Even as it limped out of crisis, Europe seemed to sow the seeds of future troubles. As its crisis abated, the euro area moved to minimise moral hazard. Limits on government borrowing agreed in the late 1990s were strengthened post-crisis: through the introduction of closer monitoring and punitive sanctions, for instance. But these efforts were not matched by complementary, American-style mechanisms to provide collective stimulus. The oversight seemed designed to leave the European project vulnerable, once again, in the face of any new recession.

Yet for all its missteps, Europe’s fiscal performance compares surprisingly well with America’s. Government spending contributed positively to euro-area growth in every year except 2011, when its effect was neutral, and 2012, when governments’ budgets reduced growth by just 0.1 percentage points. Austerity did concentrate economic pain in parts of the periphery. But that was also the case in American states, where balanced-budget rules led states to make deep spending cuts. Indeed, these were so large that the federal largesse intended to keep America’s overall fiscal position stimulative barely managed to offset the cuts. Government spending at all levels contributed 0.7 percentage points to growth in 2009, but was neutral in 2010 and subtracted 0.7 percentage points from growth in 2011—even as the federal government provided roughly half a trillion dollars in aid to states that year.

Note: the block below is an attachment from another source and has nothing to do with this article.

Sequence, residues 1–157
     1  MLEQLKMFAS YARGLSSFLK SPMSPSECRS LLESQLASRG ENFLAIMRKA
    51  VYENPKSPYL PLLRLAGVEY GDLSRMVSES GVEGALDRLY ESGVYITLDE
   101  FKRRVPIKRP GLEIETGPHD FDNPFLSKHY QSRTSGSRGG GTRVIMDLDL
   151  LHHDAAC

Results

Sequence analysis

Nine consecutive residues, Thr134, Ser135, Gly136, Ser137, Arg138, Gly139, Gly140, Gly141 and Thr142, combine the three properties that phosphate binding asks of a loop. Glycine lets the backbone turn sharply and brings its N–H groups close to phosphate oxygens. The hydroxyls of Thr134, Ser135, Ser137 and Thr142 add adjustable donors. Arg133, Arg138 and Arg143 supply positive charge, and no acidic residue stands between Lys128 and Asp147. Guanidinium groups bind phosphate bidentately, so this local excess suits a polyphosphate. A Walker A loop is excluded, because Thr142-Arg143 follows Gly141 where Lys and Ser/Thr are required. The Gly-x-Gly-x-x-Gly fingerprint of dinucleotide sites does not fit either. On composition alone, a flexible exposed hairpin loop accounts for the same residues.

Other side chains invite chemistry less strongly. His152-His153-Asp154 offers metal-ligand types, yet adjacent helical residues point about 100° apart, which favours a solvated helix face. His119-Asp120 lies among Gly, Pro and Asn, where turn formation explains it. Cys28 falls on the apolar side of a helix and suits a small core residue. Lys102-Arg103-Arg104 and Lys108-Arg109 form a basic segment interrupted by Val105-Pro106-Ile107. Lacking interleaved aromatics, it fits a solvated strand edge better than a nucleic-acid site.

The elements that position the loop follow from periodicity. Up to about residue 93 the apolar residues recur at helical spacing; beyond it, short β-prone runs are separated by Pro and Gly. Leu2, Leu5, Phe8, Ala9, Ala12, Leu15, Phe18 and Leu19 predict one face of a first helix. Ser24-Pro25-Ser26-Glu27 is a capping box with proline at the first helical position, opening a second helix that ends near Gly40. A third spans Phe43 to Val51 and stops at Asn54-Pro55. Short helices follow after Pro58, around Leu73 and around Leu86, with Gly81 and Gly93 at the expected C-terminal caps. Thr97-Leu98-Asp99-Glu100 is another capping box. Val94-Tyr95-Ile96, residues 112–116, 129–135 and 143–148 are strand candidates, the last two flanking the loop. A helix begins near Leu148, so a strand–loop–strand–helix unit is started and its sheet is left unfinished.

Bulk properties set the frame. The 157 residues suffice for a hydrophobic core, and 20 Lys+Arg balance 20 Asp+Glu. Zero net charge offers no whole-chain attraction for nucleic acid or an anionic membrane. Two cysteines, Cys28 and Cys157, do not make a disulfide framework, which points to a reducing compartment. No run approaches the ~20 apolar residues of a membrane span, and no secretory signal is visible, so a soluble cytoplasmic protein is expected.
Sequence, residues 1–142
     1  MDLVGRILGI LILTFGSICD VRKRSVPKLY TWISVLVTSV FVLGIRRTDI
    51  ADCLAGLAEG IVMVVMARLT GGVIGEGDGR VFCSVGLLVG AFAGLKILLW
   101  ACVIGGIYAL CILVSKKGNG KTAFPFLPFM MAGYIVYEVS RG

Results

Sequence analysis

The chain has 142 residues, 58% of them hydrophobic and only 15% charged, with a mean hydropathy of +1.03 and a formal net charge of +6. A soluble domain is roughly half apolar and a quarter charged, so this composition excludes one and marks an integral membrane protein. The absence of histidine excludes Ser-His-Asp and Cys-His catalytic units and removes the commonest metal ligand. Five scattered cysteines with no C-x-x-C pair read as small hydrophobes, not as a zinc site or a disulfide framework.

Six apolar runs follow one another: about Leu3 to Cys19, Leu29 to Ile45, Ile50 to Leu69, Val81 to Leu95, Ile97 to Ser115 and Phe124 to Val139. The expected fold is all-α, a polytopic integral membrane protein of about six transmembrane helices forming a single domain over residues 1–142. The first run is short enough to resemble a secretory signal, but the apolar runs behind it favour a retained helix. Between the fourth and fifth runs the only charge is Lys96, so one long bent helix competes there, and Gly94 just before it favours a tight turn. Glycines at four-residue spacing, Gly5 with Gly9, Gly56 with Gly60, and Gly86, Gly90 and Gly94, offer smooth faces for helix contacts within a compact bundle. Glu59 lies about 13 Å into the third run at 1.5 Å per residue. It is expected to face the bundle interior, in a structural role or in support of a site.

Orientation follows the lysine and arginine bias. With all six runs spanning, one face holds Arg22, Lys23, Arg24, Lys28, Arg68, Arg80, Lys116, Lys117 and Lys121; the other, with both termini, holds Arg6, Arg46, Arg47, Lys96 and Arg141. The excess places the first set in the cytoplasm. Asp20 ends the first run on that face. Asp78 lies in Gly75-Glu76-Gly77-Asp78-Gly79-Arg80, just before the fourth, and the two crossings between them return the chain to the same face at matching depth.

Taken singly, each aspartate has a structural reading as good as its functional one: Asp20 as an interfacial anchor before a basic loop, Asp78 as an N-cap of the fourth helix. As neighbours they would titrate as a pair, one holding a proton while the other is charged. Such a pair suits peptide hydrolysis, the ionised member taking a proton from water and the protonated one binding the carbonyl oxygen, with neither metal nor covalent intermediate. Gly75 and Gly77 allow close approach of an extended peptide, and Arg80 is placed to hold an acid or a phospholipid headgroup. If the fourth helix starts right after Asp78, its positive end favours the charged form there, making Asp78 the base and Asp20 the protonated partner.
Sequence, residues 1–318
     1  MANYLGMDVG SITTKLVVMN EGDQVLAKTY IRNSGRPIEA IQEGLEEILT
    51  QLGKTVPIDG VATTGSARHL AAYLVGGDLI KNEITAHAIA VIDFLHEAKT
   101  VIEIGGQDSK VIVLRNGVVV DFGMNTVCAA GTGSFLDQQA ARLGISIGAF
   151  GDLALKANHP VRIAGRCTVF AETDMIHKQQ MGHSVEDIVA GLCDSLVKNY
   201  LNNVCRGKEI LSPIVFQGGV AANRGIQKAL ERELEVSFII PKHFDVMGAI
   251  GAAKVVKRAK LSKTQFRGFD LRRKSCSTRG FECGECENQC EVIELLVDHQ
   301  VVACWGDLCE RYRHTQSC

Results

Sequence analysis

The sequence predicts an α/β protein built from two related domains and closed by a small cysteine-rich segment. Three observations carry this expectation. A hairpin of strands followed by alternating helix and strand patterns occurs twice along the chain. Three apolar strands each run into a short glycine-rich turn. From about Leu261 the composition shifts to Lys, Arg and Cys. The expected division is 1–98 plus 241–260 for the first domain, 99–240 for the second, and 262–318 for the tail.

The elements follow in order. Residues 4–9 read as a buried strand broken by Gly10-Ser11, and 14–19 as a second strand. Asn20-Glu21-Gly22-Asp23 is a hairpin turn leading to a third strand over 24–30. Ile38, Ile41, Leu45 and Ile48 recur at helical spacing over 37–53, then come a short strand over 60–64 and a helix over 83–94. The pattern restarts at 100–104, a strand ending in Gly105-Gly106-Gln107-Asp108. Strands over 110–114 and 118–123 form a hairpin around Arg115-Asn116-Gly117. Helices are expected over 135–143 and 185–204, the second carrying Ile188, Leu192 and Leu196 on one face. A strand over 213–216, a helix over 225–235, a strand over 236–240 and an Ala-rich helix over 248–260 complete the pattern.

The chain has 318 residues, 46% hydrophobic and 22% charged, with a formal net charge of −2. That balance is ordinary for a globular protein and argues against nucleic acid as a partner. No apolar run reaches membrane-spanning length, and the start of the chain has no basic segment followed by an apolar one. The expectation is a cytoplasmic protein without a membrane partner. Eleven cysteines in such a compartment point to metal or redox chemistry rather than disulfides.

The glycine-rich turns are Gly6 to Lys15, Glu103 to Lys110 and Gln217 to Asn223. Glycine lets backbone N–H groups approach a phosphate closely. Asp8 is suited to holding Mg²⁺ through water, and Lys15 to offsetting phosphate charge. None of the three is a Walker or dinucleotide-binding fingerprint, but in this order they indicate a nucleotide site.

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Just you wait

The response to covid-19’s economic devastation looks similar. On the surface, the staggering stimulus package enacted in America in the spring, worth about 13% of GDP, looks a far more potent contribution than the EU’s fiscal package, agreed in July. That recovery fund, supported by collective borrowing, will spend nearly 5% of EU GDP over several years. But America’s stimulus is largely exhausted, and its dysfunctional Congress has been unable so far to pass additional measures. Cuts to state and local governments are already weighing on the economy, subtracting 0.4 percentage points from the (annualised) growth rate in the second quarter. The euro area, by contrast, agreed that fiscal rules should not apply during the pandemic, allowing members to provide economic support on a par with America’s federal response.

No one will mistake the euro area for an exemplar of federalism. Some member states, such as Italy, Spain and even France, will exit the crisis with huge public-debt burdens. The suspension of borrowing rules could deepen anxiety about moral hazard, and lingering hardships could yet trigger a crisis that threatens the entire European project. But conventional wisdom could use some revision. American fiscal federalism, so often cited as a model for the euro area, looks ever less clearly the superior system.

This article appeared in the Finance & economics section of the print edition under the headline “State of the unions”